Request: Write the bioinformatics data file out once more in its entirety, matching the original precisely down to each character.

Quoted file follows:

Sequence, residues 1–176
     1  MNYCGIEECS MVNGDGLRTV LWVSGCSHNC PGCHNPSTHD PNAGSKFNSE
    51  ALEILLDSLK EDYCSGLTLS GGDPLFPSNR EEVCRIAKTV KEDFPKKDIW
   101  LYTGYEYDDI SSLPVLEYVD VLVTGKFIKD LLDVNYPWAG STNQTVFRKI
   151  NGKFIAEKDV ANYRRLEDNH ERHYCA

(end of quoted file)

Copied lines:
Sequence, residues 1–176
     1  MNYCGIEECS MVNGDGLRTV LWVSGCSHNC PGCHNPSTHD PNAGSKFNSE
    51  ALEILLDSLK EDYCSGLTLS GGDPLFPSNR EEVCRIAKTV KEDFPKKDIW
   101  LYTGYEYDDI SSLPVLEYVD VLVTGKFIKD LLDVNYPWAG STNQTVFRKI
   151  NGKFIAEKDV ANYRRLEDNH ERHYCA